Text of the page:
Clinical Inertia, Quality Metrics and Healthcare Improvement Part I | James L. Holly, M.D. | Healthcare Blogs Skip to content Skip to navigation

Clinical Inertia, Quality Metrics and Healthcare Improvement Part I

February 14, 2011
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The tendency to not change a treatment plan when a patient is not reaching a treatment goal is a problem for healthcare organizations

Treatment Inertia

Treatment, or clinical inertia is well documented in the medical literature. Practice administrations struggle with methods for overcoming this barrier to effective care. The tendency of physicians not to change a treatment plan when a patient is not moving toward or reaching a treatment goal is a problem for large medical organizations, for healthcare centers and for small group or solo practicing physicians. Nevertheless, the audacious declaration by this physician that her documented, continuing poor treatment outcomes only makes this physician hold those who design quality measures in contempt is a new twist in treatment inertia, a twist for which there is no obvious solution.

Healthcare delivery in America must change and the attitude reflected in this perspective is one illustration of why that change may have to come from political pressure, if the medical profession does not effect real change internally. When I started my medical career in 1969, there was no effective way of measuring quality other than by tedious chart reviews which were expensive and time consuming. Now, due to technology, we can measure performance in real time. To ignore that measurement is not an acceptable alternative.

Quality Metrics

No one would argue that quality metrics are the only solution to healthcare improvement. Those who grapple with the design of quality metrics do not sit around thinking up new ways to aggravate healthcare providers. Using scientific methodology and a growing body of medical literature on quality metrics, these pioneers look for leverage points in identifying potential for real change in healthcare-delivery processes, which will reflect real change in the quality of patient health. Unfortunately, quality metrics are not static such that once you identify one metric that it will have permanent relevance to quality improvement. Once processes are in place, such that the outcomes are virtually totally dependent upon the process, rather than healthcare provider performance, new metrics must be found to move the system further toward excellence.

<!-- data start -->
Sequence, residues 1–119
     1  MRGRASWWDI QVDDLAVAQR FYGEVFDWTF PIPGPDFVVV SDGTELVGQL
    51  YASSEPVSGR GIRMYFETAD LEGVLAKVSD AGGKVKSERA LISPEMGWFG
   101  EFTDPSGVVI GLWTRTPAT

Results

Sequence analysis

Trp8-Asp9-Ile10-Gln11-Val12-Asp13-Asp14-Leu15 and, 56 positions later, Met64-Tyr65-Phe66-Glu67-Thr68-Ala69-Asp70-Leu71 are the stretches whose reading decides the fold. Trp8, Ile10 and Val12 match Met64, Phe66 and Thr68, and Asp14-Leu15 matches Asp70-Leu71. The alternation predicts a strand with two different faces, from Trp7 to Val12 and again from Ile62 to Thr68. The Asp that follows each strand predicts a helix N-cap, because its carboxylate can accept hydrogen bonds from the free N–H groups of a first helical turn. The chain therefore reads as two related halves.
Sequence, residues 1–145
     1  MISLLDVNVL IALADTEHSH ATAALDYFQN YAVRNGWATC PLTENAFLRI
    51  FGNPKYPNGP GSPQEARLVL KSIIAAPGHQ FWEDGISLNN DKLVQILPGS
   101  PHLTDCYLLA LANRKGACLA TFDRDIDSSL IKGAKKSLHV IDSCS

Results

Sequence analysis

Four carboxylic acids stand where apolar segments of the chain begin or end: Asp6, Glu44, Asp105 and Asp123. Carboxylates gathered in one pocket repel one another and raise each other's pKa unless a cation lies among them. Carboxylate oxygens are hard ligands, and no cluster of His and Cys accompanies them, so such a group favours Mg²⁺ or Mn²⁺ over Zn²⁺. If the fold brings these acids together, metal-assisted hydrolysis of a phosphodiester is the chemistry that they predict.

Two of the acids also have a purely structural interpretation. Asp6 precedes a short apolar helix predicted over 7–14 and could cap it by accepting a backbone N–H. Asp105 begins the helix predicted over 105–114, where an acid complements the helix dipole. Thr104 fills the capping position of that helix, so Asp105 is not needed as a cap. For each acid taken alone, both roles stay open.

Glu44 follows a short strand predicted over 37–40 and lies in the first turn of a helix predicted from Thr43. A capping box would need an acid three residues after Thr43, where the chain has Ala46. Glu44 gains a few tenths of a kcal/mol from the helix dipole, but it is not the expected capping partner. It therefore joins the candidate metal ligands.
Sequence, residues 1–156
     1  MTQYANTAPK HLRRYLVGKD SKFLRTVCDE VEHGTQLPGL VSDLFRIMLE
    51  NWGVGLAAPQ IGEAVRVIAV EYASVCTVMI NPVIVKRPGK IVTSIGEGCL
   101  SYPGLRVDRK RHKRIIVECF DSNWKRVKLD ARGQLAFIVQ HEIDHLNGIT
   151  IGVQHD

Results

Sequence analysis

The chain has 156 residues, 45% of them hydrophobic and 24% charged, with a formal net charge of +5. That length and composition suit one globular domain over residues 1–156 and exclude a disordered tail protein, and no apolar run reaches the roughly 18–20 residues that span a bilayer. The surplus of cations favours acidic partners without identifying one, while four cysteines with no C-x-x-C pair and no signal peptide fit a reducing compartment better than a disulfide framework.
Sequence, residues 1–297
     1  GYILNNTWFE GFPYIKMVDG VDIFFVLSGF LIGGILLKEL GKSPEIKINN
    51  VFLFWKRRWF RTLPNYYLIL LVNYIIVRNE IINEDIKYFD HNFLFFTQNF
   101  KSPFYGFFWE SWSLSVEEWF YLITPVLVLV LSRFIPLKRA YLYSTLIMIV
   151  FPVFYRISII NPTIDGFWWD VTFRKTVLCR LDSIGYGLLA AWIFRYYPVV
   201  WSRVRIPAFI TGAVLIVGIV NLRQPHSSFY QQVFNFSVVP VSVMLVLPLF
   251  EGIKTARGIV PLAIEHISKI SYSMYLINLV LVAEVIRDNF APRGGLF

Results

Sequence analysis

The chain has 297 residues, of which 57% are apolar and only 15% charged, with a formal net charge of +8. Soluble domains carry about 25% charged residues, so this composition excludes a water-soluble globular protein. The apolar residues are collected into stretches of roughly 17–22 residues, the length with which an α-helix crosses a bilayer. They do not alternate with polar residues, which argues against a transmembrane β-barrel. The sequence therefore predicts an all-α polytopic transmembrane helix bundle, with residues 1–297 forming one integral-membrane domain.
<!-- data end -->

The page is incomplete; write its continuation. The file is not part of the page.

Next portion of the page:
A single quality metric for a complex disease process will have little if any impact upon patient safety and health. And, all quality metrics of value should point to treatment change which will improve patient health. Though a single metric is of extremely limited value, a “cluster,” or a “galaxy” of quality metrics can effect real change in healthcare quality and in patient health. A “cluster” is defined as a group of quality metrics (seven or more) which define quality treatment standards in both process and outcomes for a single disease process. “Comprehensive quality measures” for diabetes are a good illustration. Unfortunately, PCPI, NQA, NCQA Diabetes Recognition, AQA, PQRI, HEDIS and Joslin Diabetes Center, all have comprehensive quality measures for diabetes; and, they are all different.

A “galaxy” of quality measures is a group of “clusters” which relate to the health of a single patient. When “comprehensive quality measures” for diabetes, hypertension, dyslipidemia, CHF, Chronic Stable Angina, Cardiometabolic Risk Syndrome, Chronic Renal Disease Stage 1-III and then Stages IV-ESRD are identified and measured for a single patient, the successful meeting of those metrics, which may exceed 50 in number, WILL reflect quality treatment and WILL result in improved health.. Quickly, physicians will say, “But, that will take a two-hour visit for each patient.” That would be the case if we were using paper records; if fact, two hours by paper may not be enough time to accomplish all of this. However, with electronic patient management via a well-designed electronic patient record, and with a well-trained and highly functioning healthcare team, this “galaxy” of metrics can be met within in the time and economic constraints currently existent in healthcare in the United States.



Fabulous post. I wanted to get your take on the relevance of Atul Gawande's article, The Bell Curve, and it's relevance to your observations.  This question follows your statement,

"Once processes are in place, such that the outcomes are virtually totally dependent upon the process, ..."

 I understood "The Bell Curve" article to suggest that CF doctors who followed the prescribed pathways but were more aggressive, improvised and perhaps listened more empathetically, consistently had better outcomes (better longevity) than those who simply followed the guidelines. 

Is that inspirational outcome, recognizing the higher performing provider, an anomaly of Cystic Fibrosis care, or, in your opinion, does it generalize?  Is this part of what you were alluding to in part 2 when you you closed with "... quality... but only when that technology is balanced by humanitarianism"?